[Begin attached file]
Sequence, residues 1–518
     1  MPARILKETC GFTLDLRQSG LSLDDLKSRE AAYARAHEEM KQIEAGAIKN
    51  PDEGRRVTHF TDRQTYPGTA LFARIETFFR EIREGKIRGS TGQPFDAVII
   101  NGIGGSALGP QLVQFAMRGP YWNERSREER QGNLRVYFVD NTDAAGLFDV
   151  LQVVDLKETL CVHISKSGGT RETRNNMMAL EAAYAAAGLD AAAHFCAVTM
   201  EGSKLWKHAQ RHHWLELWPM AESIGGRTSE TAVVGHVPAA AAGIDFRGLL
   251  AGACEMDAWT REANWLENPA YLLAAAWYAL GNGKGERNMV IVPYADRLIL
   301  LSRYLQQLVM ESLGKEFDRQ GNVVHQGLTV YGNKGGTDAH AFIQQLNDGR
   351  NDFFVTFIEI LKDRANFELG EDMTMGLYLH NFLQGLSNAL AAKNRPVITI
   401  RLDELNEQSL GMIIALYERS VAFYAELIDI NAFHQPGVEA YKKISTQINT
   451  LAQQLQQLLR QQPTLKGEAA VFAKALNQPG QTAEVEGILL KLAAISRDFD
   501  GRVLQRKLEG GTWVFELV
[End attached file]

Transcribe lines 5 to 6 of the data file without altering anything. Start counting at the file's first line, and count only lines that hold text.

   151  LQVVDLKETL CVHISKSGGT RETRNNMMAL EAAYAAAGLD AAAHFCAVTM
   201  EGSKLWKHAQ RHHWLELWPM AESIGGRTSE TAVVGHVPAA AAGIDFRGLL